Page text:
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Care After COVID-19

by -

Barb Wiley

Barb Wiley initially thought she ate something that didn’t sit well with her stomach when she experienced nausea and vomiting last July. The next day her upset stomach was followed by a headache and sore throat. Eventually the 67-year-old Shellsburg resident stopped drinking and eating.

“I just wasn’t hungry,” explained Wiley. “I was really tired, and after several days I wasn’t getting better, so I went to see my doctor. I tested positive for COVID-19. It was recommended I go to the hospital because I was dehydrated. I went to the ER and was admitted to St. Luke’s.

“Acute COVID-19 illness can leave even a previously healthy person very debilitated by the disease,” said Dianna Edwards, MD, St. Luke’s Hospitalist medical director. “The decline starts even before a patient enters the hospital. Commonly, COVID patients suffer from a lack of taste and smell, poor appetite and may experience symptoms such as nausea, vomiting or CARE AFTER COVID-19 diarrhea. Dehydration is common, and it is very difficult to maintain adequate hydration and nutritional intake needed to support their needs. During acute illness our bodies are working hard to fight and recover from disease. As disease severity increases, such as when pneumonia develops, COVID patients spend even more energy particularly to maintain their increased work of breathing.”

“I was just so tired,” shared Wiley. “I could hardly get out of bed to use the bathroom. I’ve never experienced that kind of fatigue. I was a little out of it but the nurses and staff at St. Luke’s were good about telling me what they were doing to care for me. At one point I remember one of the doctors telling me they might have to put me on dialysis if some of my numbers didn’t improve but thankfully, they started to get better, and I went home.”

Wiley's return home was short-lived. During a virtual follow-up doctor’s appointment, it was recommended she return to St. Luke’s because she was having trouble breathing.

“COVID-19 patients often experience profound fatigue and can become quite short of breath even with minimal exertion,” Dr. Edwards explained. “Activities such as getting out of bed to the chair for a meal or walking a few feet to the restroom can be quite challenging and requires increased respiratory effort. I counsel patients that nutrition, hydration and maintaining mobility are important aspects of their COVID recovery. Muscles follow the motto of ‘if you don't use it, you lose it’ and immobility leads to loss of muscle mass which can take weeks of therapy to recover.”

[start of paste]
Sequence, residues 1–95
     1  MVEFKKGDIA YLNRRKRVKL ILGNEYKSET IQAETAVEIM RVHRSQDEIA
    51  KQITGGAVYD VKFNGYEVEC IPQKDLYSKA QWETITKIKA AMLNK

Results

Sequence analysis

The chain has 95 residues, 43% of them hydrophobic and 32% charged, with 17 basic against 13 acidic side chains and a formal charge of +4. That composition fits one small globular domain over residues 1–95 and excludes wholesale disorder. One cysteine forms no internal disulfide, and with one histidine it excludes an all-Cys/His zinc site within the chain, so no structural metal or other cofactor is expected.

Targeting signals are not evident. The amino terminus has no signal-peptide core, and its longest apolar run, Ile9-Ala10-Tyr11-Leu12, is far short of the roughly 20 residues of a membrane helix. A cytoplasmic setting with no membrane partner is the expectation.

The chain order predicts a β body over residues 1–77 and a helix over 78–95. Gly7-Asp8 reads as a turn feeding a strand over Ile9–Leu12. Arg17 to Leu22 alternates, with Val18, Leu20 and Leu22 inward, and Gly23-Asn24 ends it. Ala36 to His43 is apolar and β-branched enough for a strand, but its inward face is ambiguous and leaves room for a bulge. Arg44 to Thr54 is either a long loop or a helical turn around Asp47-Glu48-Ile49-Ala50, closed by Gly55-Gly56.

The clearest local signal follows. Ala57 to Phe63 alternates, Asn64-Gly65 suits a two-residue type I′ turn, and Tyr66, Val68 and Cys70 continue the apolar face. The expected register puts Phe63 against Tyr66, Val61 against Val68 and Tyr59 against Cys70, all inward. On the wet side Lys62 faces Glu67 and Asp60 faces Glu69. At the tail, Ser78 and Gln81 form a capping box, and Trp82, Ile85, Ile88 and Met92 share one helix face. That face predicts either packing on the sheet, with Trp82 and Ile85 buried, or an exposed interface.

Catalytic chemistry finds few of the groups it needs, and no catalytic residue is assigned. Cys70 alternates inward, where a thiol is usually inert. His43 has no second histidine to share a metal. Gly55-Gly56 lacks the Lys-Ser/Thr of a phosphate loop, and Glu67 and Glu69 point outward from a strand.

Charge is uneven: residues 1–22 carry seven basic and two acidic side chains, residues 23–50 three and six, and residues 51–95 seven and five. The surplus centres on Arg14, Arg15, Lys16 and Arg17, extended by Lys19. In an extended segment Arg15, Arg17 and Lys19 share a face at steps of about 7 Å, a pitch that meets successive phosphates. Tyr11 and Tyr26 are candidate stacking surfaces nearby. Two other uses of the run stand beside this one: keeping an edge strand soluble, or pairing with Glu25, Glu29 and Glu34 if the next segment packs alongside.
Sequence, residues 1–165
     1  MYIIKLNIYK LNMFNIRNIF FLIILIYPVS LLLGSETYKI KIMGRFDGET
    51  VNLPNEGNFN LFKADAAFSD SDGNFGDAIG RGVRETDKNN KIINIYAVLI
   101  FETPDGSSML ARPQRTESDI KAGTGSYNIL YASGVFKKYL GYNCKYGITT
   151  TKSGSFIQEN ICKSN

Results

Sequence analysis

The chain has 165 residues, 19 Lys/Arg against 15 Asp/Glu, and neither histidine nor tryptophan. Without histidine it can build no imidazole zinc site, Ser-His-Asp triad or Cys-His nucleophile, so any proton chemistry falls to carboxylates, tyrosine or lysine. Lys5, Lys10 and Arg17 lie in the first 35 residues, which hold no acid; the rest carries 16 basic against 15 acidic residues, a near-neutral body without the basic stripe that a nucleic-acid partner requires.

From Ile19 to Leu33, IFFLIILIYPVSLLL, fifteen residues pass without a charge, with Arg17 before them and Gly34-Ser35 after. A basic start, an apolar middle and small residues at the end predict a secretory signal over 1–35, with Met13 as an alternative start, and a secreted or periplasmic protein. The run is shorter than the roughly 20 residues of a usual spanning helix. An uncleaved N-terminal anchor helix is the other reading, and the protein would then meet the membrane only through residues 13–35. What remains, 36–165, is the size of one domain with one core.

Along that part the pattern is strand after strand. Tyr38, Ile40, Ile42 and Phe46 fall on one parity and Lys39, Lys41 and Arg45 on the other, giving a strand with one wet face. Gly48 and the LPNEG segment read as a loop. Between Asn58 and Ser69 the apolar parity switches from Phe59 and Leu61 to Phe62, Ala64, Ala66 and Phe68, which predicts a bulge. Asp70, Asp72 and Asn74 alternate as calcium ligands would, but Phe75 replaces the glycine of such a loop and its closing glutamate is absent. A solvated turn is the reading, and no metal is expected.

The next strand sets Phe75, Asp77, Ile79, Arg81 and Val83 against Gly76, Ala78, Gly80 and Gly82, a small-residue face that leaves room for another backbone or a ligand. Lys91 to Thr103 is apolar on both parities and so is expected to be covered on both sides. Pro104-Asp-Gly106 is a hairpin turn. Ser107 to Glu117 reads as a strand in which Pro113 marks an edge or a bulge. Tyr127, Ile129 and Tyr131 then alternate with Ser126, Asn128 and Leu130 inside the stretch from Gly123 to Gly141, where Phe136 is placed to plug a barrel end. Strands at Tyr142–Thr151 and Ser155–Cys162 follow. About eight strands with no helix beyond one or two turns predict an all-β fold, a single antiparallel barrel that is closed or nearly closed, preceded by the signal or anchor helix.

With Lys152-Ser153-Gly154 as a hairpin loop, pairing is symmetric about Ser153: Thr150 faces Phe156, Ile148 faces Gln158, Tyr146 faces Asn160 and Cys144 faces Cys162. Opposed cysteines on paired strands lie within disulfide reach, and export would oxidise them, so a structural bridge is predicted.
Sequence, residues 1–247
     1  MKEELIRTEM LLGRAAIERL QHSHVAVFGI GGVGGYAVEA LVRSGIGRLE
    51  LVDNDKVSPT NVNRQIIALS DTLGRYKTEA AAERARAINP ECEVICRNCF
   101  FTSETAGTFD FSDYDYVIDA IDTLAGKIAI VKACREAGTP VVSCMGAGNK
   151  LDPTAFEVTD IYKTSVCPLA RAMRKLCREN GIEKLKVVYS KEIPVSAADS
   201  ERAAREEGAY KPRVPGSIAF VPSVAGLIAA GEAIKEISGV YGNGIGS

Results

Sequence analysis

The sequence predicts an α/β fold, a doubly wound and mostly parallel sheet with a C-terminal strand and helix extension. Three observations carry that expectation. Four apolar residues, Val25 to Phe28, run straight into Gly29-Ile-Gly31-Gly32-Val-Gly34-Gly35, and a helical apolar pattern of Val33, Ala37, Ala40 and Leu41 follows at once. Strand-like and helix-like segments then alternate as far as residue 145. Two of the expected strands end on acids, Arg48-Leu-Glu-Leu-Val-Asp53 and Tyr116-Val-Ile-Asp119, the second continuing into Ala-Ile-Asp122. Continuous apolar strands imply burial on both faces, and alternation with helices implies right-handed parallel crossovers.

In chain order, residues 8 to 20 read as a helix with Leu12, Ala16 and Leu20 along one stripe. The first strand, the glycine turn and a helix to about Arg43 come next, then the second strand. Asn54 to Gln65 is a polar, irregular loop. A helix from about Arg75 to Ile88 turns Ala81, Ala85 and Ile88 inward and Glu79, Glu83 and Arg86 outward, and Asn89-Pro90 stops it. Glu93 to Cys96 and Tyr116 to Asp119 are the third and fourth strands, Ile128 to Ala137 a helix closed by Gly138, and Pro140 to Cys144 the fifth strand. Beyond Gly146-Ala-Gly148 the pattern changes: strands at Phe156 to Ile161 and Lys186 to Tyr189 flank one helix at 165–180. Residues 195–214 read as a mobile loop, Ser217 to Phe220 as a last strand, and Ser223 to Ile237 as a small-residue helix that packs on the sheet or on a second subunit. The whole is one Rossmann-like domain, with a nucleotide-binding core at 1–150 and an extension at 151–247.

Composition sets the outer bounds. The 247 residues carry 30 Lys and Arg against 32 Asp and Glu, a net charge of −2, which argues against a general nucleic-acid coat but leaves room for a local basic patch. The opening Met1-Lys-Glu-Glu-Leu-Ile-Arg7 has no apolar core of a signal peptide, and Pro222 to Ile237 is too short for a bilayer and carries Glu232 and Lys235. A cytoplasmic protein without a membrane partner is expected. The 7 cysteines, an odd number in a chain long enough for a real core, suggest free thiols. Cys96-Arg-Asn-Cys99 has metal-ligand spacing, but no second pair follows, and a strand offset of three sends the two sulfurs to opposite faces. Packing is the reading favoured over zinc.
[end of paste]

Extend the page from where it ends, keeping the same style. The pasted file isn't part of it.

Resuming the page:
Transitional Care

Wiley had developed pneumonia and was at St. Luke’s a total of 12 days recovering from COVID-19. Afterward, she needed rehabilitation to help her regain strength and mobility, so she went to St. Luke’s Transitional Care Center. It’s a recuperative and supportive care center for patients to continue healing following an injury, surgery or serious illness. It’s designed for short-term rehabilitation, which includes daily, individualized therapy sessions to help patients regain their strength, stability and confidence to return home.

“Everything seemed to be finally going in the right direction,” said Wiley. “I was doing physical and occupational therapy at the center, and I was able to eat and drink again.”

After about eight days at St. Luke’s Transitional Care Center, Wiley went home.

“I was doing better but I wasn’t really confident yet,” explained Wiley. “I was able to walk short distances but not able to do stairs. You don’t realize how much energy everyday things take until you don’t have enough strength.”

Therapy for Strengthening and Conditioning

After a few weeks at home, Wiley reached back out to her UnityPoint Clinic provider, who recommended she go to St. Luke’s Physical Medicine and Rehabilitation outpatient therapy to help with additional strengthening and conditioning.

“When I first saw Barb, she was limited by shortness of breath and had low activity tolerance,” recalled Barb West, St. Luke’s Physical Medicine and Rehabilitation senior occupational therapist. “She needed a lot of rest breaks to complete tasks, and her heart rate would increase during activity. Each week we would work on new tasks, and she was able to gradually increase activities.”

“They did a great job helping me get my stamina back,” said Wiley. “If you were to tell me a couple of years ago that I would struggle just to fold laundry standing up, I wouldn’t have believed it. COVID just took such a toll on me.”

Wiley completed about five weeks of outpatient therapy at St. Luke’s twice a week and reports she is feeling about 90 percent back to normal.

“They really helped me a lot and thought of things for me to do to build my strength that I would never have thought to do on my own,” said Wiley. “They made a lot of difference for me and were really good. I am happy with where I am now.”

To learn more about St. Luke’s Physical Medicine and Rehabilitation, call (319) 369-7331 or email STL_PMR@unitypoint.org.

St. Luke's Transitional Care Center

St. Luke’s Transitional Care Center is designed to bridge the distance between a hospital setting and home. It's intended for short-term rehabilitation, which provides daily, individualized therapy sessions to help patients regain the strength, stability and confidence needed to function at their best.

St. Luke’s Transitional Care Center has nurse practitioners on-site five days a week, available to respond quickly to a patient's changing needs. The average length of stay is 14 days.

To learn more about St. Luke’s Transitional Care Center, call (319) 366-8701.